For example, in order to load this Bruce Lee example with a Samsung Onyx, I had to do it using the MIC input on the Spectrum, as the EAR input was too loud to be usable.

enter image description here

  • 4
    Somewhat to my surprise, that worked rather well. Thank you! I'll add a sox script to this page to do the same as your very well explained Audacity method. – scruss Jun 7 '16 at 21:30
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    What a fantastic answer. Both in terms of the actual answer, and in terms of the effort you made to present and explain the answer. Awesome work! – robsoft Jul 28 '16 at 20:39
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    Why "IF YOUR AUDIO PLAYER IS BATTERY POWERED ONLY"??? Thanks – Sewa Mar 23 '17 at 3:43
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    If the audio player and the computer share a common ground — as they would if they were mains powered — there would no longer be the differential voltage range of +0 → +2×Vₛ. – scruss Mar 23 '17 at 12:52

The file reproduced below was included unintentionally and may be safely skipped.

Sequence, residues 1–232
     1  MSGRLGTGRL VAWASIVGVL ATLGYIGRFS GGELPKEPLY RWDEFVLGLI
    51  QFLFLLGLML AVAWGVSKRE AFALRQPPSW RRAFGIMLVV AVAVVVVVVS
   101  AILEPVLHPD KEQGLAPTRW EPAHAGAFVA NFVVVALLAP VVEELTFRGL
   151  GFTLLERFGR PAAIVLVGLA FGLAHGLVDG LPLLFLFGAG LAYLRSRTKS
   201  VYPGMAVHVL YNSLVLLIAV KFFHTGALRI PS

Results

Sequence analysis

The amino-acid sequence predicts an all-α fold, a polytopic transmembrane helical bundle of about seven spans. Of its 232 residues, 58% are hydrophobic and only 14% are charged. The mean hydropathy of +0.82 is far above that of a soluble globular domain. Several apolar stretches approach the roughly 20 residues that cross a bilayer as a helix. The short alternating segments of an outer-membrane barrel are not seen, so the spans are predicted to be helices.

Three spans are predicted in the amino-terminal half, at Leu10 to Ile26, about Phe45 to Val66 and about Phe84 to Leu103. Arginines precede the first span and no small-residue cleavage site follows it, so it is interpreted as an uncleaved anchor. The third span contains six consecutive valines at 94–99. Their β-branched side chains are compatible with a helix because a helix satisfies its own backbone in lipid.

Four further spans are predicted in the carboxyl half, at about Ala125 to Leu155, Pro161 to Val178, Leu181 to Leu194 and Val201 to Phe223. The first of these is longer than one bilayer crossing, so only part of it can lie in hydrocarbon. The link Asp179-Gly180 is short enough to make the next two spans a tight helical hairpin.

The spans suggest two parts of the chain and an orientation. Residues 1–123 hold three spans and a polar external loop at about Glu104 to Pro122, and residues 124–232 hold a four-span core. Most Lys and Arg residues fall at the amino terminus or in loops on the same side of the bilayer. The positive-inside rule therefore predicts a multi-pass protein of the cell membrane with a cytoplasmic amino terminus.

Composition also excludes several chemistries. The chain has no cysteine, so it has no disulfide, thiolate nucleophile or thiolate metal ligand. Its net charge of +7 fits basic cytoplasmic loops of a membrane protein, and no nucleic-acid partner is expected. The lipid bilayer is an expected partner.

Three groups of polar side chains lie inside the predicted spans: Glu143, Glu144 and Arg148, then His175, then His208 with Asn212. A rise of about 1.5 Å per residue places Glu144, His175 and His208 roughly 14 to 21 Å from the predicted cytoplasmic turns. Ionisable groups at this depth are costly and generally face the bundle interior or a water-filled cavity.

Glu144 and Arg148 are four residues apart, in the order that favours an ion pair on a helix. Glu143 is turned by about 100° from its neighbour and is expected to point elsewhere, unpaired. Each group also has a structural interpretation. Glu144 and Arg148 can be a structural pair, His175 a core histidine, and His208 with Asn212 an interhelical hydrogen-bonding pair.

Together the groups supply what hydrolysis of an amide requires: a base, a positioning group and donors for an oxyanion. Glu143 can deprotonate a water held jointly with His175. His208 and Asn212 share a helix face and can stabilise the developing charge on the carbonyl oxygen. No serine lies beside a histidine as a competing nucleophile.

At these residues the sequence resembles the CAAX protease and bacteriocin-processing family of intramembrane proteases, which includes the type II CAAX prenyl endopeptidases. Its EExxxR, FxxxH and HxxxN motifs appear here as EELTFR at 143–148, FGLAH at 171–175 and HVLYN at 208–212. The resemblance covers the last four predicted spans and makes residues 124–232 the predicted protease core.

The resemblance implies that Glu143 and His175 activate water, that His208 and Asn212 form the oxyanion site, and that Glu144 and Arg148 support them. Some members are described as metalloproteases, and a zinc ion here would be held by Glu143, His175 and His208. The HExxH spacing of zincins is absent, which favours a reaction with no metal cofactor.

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    What is the purpose of all this? To effectively double the volume without adding distortion? In other words, why would a tape player work while an audio player wouldn't? – snips-n-snails Mar 24 '17 at 0:00
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I've confirmed that mcleod_ideafix's method is reliable for regular tape images. Here is a shell script to do (effectively) the same thing:

#!/bin/bash
# wav2differential.sh - convert mono game tape audio to 2× stereo
# usage:   wav2differential.sh infile.wav
#          (creates  infile-differential.wav)
# scruss - 2016-06-07
# method by ‘mcleod_ideafix’; many thanks / greetz
#   — https://retrocomputing.stackexchange.com/a/774/439

base="${1%.wav}"
sox -q --norm=-3 "$1" -b 16 "${base}-n.wav"
sox -q  "${base}-n.wav" "${base}-ni.wav" vol -1.0
sox -q  --norm=-0.1 -M -c 1 "${base}-n.wav" -c 1 "${base}-ni.wav" "${base}-differential.wav"
rm -f  "${base}-n.wav" "${base}-ni.wav"

Ultimately I'd like to encode these as MP3s, tag them properly, and add loading screens as cover art. But that can come later.

What this script does — for people who might want to port it to systems without the Bash shell. Assume the script has been called with an argument game.wav, a mono audio file of the game loader: